|What We Love About Football
Saturdays in Columbia!
|College Football's Best Entrance
When the team gathers to take the field at Williams
Brice Stadium, the theme song from 2001 --A Space
Odyssey is played throughout the stadium. As the
music and excitement builds, the Gamecocks storm
the field to great fanfare!
|Partying on the Cockaboose
South Carolina fans have the great tradition of
tailgating on a collection of cabooses that sit just 50
yards from the main entrance of Williams-Brice
Stadium. The tradition of tailgating in these decked out
Cockabooses began in 1990.
|Gamecocks Mascot: Cocky
This costumed character is the closest thing to
Foghorn Leghorn that college football has. This
costumed character has been rooting for the
Cocks since 1978. However he didn't become
the official mascot until 1980. Cocky has been a
multiple winner of the National Mascot of the
|Sir Big Spur - A Mascot Worth
This South Carolina mascot is a regular at
University football and baseball games. Prior to
gaining his current name, he was known as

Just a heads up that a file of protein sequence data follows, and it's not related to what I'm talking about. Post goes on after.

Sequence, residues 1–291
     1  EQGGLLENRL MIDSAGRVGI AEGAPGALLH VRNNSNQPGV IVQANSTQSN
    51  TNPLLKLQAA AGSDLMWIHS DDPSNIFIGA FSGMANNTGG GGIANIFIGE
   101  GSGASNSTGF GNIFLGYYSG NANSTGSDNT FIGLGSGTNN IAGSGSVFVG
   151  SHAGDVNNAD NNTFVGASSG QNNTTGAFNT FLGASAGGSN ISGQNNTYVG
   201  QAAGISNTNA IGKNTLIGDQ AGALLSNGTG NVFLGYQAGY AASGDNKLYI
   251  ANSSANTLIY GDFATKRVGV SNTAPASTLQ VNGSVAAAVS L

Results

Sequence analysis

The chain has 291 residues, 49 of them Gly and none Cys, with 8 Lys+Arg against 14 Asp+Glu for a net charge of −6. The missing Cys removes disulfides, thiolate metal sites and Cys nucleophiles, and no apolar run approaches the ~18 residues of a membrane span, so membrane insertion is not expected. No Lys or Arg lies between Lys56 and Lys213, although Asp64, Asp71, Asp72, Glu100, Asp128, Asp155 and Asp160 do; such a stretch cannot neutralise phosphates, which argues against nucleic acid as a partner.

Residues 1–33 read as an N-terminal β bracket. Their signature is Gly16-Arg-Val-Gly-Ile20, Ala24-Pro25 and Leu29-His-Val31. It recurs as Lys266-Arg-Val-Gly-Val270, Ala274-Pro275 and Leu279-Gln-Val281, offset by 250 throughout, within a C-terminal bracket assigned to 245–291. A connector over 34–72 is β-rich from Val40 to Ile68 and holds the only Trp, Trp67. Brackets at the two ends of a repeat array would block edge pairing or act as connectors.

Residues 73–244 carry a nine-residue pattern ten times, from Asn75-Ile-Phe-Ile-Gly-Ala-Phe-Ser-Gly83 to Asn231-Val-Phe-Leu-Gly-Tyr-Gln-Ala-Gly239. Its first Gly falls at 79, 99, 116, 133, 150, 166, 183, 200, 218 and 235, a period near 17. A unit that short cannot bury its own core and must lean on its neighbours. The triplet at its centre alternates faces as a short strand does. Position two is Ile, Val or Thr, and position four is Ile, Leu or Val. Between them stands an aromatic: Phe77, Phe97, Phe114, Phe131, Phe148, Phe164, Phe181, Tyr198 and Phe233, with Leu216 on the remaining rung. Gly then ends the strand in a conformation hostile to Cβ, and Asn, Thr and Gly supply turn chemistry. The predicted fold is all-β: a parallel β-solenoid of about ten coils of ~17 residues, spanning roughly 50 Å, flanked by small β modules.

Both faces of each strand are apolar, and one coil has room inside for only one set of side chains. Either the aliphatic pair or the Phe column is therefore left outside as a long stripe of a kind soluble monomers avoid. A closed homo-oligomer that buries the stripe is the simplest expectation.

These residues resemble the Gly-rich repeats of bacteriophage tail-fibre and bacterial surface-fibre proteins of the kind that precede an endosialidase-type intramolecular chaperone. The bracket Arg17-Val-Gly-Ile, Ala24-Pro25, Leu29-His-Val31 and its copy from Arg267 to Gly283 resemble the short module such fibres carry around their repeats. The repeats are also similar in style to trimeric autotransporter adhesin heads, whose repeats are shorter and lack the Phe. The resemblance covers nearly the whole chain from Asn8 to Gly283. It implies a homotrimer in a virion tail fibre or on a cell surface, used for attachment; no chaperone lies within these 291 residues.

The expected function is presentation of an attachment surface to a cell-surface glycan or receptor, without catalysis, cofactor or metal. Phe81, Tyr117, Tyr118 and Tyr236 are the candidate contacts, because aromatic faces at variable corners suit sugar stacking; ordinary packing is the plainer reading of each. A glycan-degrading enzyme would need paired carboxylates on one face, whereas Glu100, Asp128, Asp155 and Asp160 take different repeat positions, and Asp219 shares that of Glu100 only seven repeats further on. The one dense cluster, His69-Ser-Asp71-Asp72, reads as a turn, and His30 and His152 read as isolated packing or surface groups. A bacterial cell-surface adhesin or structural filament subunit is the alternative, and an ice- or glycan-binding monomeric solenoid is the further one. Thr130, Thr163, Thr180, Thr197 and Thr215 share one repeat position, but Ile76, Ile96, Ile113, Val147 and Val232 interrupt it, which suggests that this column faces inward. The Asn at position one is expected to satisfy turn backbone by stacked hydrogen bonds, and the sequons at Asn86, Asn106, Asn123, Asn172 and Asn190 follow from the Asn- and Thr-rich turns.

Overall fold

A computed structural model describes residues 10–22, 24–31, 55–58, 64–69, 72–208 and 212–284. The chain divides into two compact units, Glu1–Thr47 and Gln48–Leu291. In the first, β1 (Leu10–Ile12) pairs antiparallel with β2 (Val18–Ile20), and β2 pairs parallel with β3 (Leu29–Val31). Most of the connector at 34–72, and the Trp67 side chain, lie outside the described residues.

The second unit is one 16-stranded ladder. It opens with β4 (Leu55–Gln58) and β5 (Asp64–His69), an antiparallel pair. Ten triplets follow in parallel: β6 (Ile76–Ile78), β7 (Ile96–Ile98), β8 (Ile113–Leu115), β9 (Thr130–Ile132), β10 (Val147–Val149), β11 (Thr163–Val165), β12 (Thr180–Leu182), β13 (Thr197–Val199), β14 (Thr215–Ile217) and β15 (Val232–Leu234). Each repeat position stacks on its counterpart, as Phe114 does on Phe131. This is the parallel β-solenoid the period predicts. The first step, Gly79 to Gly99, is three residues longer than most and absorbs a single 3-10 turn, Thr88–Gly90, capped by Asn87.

Cocky Doodle Lou. When Big Spur is not
pecking away at Williams-Brice Stadium he
lives with the Albertelli family in Aiken, S.C.
|South Carolina Nickname Story
|After struggling with several nicknames for more than
a decade, the university began identifying itself with
this fowl name in the early 1900s. The Gamecock is a
fighting rooster trained to fight other roosters to the
death. The sport, which once soared in popularity in
many parts of the country, has now been outlawed in
When considering the gamecock's traits and historical
significance in South Carolina, it's easy to see that the
school didn't pluck the nickname out of thin air. It's
been suggested that the school's football teams at the
turn of the century exhibited the aggressive and
spirited characteristics often found in the fighting
roosters. That fact combined with the state's long
tradition with the breeding and training of the birds
are reasons why the school earned the nickname.
General Thomas Sumter, who gained fame as a
guerilla fighter in the Revolutionary War, was known
as the "Fighting Gamecock."
The first use of the nickname had "Game Cock" split
into two separate words. Columbia, SC's morning
newspaper, The State, shortened the term to one
word in 1903.